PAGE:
The modern Maya of Chiapas have lunched a high-profile media attack on Western corporations that threaten ejido farmland. Waging war with guns, music, art and song, the Zapatistas have become a symbol of resistance against first world domination. Subcomandante Marcos, mysterious rebel spokesman, considers globalization the Fourth World War:

          . . . the financial hyper bombs of the Fourth World War are different in nature.  They serve to attack territories (national states) by the destruction of material bases of their sovereignty and by producing a qualitative depopulation of those territories.  This depopulation involves the exclusion of all persons who are of no use to the new economy.    

                        La Velocidad del Sueño
                  Subcomandante Marcos   1994


      Organized as the EZLN and FZLN,  The Zapatista claims to represent millions silenced by international development.  Over a decade ago, the media-savvy indigenous rebels commanded the attention of the First World.  On the January 1, 1994 (non-coincidentally the day NAFTA went into effect) Zapatista rebels "seized control" (source: Pentagon) of a major military base and at least 5 key cities in Chiapas.  Officially the stand-off lasted 12 days, but eleven years later in 2005, the U.N. reports "low-intensity warfare" has become a part of Chiapaneca life.                              

      In the year 2003, Mexican President Vincente Fox added several thousand troops to the militarized zone of Chiapas. According to PBS Frontline reporter Garance Burke, there are now between 23,000 and 63,000 Mexican soldiers in Chiapas "depending on who's counting". The Chiapas-based organization CAPISE claims there are 91 military encampments in the state, 51 of them unconstitutionally stationed within native communities.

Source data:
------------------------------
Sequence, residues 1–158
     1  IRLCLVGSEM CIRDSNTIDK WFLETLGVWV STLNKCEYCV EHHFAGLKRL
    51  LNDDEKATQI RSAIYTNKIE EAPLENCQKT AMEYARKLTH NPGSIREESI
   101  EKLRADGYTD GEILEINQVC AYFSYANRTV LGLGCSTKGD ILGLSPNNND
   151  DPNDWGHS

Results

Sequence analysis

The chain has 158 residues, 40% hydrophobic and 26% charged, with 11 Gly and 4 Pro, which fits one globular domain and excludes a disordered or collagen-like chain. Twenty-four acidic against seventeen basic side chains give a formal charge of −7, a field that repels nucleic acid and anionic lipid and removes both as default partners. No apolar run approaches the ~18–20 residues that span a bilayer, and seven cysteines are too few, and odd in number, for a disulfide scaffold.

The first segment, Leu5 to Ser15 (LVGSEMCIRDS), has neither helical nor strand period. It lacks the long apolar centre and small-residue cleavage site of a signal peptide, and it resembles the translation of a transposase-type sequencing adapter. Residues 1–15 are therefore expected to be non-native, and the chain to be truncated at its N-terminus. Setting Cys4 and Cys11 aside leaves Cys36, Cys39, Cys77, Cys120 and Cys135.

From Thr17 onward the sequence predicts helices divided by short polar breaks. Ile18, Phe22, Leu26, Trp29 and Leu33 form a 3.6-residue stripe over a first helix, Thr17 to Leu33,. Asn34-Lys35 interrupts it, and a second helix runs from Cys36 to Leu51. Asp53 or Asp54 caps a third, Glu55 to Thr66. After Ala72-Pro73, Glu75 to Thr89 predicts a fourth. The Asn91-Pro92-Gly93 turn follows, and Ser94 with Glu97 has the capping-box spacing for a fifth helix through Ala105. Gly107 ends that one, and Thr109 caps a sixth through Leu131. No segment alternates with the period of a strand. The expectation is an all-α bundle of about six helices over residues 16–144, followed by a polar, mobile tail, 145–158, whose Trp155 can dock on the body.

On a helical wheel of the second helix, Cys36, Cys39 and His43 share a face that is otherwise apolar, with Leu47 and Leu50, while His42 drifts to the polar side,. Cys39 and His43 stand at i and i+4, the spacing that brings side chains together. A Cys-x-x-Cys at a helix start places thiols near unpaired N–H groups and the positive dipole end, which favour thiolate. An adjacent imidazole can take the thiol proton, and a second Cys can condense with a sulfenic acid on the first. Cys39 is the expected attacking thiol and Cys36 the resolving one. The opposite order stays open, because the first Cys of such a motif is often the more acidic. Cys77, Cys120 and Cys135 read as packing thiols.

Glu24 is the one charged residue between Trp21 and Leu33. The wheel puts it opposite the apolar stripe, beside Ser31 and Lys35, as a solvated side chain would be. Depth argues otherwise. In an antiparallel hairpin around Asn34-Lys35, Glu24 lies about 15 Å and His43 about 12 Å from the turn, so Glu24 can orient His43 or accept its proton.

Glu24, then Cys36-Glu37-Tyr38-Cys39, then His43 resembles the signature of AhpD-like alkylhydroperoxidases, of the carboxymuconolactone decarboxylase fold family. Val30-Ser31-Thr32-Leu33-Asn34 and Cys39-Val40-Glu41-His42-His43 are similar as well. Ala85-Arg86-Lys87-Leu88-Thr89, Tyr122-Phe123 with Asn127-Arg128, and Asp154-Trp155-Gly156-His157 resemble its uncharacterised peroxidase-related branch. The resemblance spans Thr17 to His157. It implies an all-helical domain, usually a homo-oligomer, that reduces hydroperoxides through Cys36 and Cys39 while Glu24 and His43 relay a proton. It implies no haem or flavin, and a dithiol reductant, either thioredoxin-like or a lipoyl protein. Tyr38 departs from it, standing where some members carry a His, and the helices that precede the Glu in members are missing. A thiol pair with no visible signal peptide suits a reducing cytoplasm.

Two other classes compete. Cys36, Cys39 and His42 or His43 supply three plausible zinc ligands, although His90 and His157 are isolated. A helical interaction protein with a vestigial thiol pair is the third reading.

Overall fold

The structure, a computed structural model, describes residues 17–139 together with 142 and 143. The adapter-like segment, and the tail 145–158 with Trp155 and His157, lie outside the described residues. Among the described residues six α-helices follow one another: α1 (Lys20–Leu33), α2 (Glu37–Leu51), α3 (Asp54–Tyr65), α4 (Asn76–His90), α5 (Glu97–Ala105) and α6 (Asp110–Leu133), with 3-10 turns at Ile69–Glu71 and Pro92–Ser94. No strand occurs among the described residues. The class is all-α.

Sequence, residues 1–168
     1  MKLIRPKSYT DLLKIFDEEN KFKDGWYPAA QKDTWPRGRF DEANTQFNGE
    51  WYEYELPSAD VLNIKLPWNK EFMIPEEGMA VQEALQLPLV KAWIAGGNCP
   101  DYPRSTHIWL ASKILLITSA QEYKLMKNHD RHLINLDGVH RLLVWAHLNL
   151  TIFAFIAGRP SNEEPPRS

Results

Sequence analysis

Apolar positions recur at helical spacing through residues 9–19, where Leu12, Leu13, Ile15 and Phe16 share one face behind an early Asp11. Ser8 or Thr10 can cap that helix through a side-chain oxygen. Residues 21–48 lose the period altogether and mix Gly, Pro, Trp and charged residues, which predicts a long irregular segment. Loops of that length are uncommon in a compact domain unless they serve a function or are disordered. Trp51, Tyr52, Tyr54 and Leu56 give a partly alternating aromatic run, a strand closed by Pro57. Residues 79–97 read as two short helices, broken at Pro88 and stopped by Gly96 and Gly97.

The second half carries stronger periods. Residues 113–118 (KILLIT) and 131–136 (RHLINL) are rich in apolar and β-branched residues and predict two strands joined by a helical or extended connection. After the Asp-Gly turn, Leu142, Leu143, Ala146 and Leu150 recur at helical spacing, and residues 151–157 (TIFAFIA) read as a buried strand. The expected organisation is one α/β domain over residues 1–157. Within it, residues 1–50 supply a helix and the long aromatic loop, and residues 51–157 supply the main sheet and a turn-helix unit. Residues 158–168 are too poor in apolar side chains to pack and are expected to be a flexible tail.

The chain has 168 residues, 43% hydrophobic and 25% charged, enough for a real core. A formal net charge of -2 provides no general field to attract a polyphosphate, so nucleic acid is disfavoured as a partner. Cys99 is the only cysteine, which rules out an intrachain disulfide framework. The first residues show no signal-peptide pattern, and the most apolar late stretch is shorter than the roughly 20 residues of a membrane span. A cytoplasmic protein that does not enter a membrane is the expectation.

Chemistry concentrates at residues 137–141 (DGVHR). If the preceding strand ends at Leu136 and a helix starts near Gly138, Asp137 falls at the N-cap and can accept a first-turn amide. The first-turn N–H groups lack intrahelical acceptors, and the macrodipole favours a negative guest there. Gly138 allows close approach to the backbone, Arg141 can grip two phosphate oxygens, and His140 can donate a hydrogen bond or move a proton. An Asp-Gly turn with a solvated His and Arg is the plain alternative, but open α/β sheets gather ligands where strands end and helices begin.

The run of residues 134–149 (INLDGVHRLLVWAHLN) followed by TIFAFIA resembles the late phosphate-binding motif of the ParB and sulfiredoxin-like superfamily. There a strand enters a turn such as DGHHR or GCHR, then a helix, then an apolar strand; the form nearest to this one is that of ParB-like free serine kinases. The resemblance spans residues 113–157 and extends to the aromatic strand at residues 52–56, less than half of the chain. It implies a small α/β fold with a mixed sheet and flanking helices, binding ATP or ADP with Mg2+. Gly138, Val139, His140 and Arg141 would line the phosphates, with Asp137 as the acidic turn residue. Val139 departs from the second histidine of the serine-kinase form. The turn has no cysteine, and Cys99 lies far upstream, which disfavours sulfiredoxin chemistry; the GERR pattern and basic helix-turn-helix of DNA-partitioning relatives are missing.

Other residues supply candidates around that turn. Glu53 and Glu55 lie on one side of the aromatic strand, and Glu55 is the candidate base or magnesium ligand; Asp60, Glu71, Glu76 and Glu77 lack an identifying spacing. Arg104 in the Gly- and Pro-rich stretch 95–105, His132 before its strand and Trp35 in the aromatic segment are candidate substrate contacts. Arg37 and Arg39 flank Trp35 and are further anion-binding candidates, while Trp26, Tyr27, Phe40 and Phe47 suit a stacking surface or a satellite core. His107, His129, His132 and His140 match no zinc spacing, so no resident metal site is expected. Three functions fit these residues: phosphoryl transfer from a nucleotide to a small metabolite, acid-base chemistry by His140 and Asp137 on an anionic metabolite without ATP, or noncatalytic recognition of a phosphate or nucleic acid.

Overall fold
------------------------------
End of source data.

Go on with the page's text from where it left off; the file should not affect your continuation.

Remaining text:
Essentially, the Zapatistas want liberty and recognition of indigenous culture.  They are demanding that native peoples be respected politically and socially.   In addition to governmental autonomy and land rights, the Zapatista overtly calls for recognition of humanity. The Zapatista Declaration of 1994 regrets violence but explains the indigenous organizations are acting "in the only way that government authorities have left us, armed struggle".   According to the EZLN and local mythology, no civilian has died at the hands of the Zapatistas, all causalities have been strictly militia.  The Mexican Government, however, continues its brutality towards civilians in townships with Zapatista sympathies.  It is for this reason that San Christobal's mestizo population overwhelmingly favors the Zapatista side of the conflict.

The rebel’s high-profile war against “the erasure of native cultures by globalization” (Marcos 23) considers international media its greatest defense.  The Zapatista rebellion has attracted many international observers to Chiapas.  Over the recent decade, Chiapas has become inundated by press, humanitarian workers, radicals, students, and adventurous travelers from around the globe.  Lives that were just 10 years ago, hidden and virtually inaccessible to outsiders now are now being watched by the entire world.  Through the blatant rejection of government services and the instatement of completely autonomous communities, the indigenous of Chiapas represent a powerful alternative to global imperialism.



Frente Zapatista de
Liberación Nacional

Zapatista Army of
National Liberation


Ejército Zapatista de
Liberación Nacional

Zapatista Front of
Nacional Liberación

Radio Insergente
the voice of the EZLN